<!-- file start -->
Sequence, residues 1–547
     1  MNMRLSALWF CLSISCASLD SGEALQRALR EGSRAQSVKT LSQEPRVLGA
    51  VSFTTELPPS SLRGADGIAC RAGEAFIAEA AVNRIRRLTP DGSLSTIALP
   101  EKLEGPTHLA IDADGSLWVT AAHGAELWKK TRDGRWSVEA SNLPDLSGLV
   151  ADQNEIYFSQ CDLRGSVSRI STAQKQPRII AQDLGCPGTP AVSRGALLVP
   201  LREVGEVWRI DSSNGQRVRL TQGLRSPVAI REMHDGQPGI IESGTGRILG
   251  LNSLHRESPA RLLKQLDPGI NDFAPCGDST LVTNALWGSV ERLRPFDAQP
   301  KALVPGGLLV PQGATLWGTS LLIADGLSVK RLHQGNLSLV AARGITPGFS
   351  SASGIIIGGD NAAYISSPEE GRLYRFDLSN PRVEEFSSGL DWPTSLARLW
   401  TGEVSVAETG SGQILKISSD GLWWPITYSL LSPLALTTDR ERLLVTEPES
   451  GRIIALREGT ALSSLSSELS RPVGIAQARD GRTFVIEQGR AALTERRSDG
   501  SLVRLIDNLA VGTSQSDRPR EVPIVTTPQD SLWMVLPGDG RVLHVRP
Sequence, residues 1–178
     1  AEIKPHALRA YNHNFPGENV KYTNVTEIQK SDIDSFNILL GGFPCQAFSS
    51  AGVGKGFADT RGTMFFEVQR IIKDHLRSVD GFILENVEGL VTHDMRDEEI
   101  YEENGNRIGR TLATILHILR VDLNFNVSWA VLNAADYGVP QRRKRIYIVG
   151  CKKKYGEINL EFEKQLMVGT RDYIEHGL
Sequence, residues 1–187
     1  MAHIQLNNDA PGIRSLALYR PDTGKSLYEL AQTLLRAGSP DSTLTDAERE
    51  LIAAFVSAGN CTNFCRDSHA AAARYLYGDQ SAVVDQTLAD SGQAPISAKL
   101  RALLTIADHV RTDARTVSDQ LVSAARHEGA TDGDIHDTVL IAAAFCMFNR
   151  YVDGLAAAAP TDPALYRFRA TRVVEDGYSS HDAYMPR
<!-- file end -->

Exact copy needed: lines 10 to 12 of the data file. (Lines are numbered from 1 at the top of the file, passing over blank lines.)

   401  TGEVSVAETG SGQILKISSD GLWWPITYSL LSPLALTTDR ERLLVTEPES
   451  GRIIALREGT ALSSLSSELS RPVGIAQARD GRTFVIEQGR AALTERRSDG
   501  SLVRLIDNLA VGTSQSDRPR EVPIVTTPQD SLWMVLPGDG RVLHVRP